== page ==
Written by Annegret Stephan, Laura Díaz Anadón and Volker H. Hoffmann

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Who are the victims of low-carbon transitions? Towards a political ecology of climate change mitigation

This study critically examines 20 years of geography and political ecology literature on the energy justice implications of climate change mitigation. Grounded in an expert guided literature review of 198 studies and their corresponding 332 case studies, it assesses the linkages between low carbon transitions—including renewable electricity, biofuel, nuclear power, smart grids, electric vehicles, and land use management—with degradation, dispossession and destruction. It draws on a framework that envisions the political ecology of low-carbon transitions as consisting of four distinct processes: enclosure (capture of land or resources), exclusion (unfair planning), encroachment (destruction of the environment), or entrenchment (worsening of inequality or vulnerability). The study vigorously interrogates how these elements play out by country and across countries, by type of mitigation option, by type of victim or affected group, by process, and by severity, e.g. from modern slavery to organized crime, from violence, murder and torture to the exacerbation of child prostitution or the destruction of pristine ecosystems. It also closely examines the locations, disciplinary affiliations, methods and spatial units of analysis employed by this corpus of research, with clear and compelling insights for future work in the space of geography, climate change, and energy transitions. It suggest five critical avenues for future research: greater inclusivity and diversity, rigor and comparative analysis, focus on mundane technologies and non-Western case studies, multi-scalar analysis, and focus on policy and recommendations. At times, low-carbon transitions and climate action can promote squalor over sustainability and leave angry communities, disgruntled workers, scorned business partners, and degraded landscapes in their wake. Nevertheless, ample opportunities exist to make a future low-carbon world more pluralistic, democratic, and just.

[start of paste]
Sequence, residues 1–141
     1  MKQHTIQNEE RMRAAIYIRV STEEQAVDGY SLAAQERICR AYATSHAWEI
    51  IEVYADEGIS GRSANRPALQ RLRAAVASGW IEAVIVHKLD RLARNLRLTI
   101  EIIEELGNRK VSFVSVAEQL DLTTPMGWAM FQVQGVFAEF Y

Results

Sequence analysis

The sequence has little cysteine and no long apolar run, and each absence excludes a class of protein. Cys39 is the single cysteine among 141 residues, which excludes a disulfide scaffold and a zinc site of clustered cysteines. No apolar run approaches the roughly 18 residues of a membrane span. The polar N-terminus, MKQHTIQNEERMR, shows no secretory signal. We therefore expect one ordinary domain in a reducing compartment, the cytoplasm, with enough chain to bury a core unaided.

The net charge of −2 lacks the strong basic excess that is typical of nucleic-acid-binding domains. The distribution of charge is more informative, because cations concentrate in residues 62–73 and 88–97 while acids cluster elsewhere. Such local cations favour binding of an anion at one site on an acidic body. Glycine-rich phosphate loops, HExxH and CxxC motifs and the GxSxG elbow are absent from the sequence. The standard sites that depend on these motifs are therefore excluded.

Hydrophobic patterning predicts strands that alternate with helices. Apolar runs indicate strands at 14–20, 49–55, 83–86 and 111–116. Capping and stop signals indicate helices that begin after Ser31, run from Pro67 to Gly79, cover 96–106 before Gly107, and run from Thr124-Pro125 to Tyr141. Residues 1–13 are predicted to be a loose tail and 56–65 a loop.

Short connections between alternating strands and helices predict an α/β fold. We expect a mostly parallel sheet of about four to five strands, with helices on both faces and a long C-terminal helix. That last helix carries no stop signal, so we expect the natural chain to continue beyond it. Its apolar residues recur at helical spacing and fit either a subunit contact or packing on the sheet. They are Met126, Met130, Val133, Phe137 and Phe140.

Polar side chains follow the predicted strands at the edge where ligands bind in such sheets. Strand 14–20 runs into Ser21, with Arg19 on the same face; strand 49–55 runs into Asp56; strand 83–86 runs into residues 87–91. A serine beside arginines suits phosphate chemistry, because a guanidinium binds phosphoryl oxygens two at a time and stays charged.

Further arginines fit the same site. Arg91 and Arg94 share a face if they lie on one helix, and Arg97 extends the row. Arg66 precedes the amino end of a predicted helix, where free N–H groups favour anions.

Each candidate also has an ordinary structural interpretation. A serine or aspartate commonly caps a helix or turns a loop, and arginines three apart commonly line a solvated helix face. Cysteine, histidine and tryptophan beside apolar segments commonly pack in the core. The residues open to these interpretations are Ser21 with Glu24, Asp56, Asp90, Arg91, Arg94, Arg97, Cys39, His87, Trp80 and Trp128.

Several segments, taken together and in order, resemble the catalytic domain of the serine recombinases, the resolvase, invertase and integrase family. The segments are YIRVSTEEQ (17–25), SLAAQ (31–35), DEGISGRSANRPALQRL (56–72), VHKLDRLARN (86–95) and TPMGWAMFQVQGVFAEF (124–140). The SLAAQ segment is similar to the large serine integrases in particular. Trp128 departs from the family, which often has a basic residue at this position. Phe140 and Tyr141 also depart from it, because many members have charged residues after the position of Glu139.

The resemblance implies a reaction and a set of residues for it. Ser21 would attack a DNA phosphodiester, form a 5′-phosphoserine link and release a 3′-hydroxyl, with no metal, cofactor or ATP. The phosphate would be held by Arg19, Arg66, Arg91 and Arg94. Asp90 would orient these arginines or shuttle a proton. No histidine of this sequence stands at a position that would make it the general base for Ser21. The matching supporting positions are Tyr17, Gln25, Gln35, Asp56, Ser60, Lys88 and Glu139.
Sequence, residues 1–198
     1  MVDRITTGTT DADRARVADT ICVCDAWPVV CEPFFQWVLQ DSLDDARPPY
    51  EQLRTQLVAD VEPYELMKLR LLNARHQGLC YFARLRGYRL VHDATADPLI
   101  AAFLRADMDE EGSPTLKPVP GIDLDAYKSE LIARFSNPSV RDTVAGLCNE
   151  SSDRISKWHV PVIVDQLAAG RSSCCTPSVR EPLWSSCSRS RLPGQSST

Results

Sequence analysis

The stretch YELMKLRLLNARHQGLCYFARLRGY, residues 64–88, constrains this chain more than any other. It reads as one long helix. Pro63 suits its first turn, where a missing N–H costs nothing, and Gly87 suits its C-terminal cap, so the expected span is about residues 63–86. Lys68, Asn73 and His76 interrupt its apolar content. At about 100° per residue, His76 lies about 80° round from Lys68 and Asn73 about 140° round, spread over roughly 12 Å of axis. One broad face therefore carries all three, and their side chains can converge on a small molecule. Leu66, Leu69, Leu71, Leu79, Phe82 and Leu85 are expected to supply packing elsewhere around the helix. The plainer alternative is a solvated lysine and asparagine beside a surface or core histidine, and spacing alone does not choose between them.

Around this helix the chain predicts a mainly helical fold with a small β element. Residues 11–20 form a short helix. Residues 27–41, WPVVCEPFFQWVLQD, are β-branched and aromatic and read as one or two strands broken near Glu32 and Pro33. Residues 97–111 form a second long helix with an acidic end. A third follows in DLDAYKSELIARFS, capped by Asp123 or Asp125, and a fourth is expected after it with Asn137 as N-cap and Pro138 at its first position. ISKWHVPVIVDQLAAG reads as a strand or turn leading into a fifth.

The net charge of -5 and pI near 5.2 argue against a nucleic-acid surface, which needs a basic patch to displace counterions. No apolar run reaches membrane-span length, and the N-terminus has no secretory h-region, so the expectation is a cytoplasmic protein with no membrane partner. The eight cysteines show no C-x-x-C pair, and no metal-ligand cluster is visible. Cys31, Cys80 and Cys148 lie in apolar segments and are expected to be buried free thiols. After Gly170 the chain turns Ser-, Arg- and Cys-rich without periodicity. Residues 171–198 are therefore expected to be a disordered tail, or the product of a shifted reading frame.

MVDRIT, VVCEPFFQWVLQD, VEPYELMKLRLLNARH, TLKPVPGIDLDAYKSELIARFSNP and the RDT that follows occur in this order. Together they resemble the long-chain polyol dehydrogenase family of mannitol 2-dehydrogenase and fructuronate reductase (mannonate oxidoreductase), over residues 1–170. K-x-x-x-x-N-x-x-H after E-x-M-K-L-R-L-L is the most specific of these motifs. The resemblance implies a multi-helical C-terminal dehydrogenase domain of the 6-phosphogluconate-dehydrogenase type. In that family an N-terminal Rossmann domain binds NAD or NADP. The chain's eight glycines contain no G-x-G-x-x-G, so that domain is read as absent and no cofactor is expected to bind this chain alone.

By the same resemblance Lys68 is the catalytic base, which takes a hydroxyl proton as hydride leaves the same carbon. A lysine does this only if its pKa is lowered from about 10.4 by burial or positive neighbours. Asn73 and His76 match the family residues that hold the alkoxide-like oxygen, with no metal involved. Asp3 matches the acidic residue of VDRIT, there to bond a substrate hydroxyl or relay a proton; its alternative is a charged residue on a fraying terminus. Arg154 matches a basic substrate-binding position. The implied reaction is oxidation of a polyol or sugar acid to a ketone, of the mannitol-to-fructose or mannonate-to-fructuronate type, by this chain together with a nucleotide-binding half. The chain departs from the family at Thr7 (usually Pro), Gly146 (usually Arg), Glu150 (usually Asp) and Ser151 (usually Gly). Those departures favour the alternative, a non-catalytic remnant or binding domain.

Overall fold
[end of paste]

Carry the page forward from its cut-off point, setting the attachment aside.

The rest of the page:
Written by Benjamin K. Sovacool

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Systematic review of the outcomes and trade-offs of ten types of decarbonization policy instruments

The literature evaluating the technical and socioeconomic outcomes of policy instruments used to support the transition to low-carbon economies is neither easily accessible nor comparable and often provides conflicting results. We develop and implement a framework to systematically review and synthesize the impact of ten types of decarbonization policy instruments on seven technical and socioeconomic outcomes. Our systematic review shows that the selected types of regulatory and economic and financial instruments are generally associated with positive impacts on environmental, technological and innovation outcomes. Several instruments are often associated with short-term negative impacts on competitiveness and distributional outcomes. We discuss how these trade-offs can be reduced or transformed into co-benefits by designing research and development and government procurement, deployment policies, carbon pricing and trading. We show how specific design features can promote competitiveness and reduce negative distributional impacts, particularly for small firms. An online interactive Decarbonisation Policy Evaluation Tool allows further analysis of the evidence.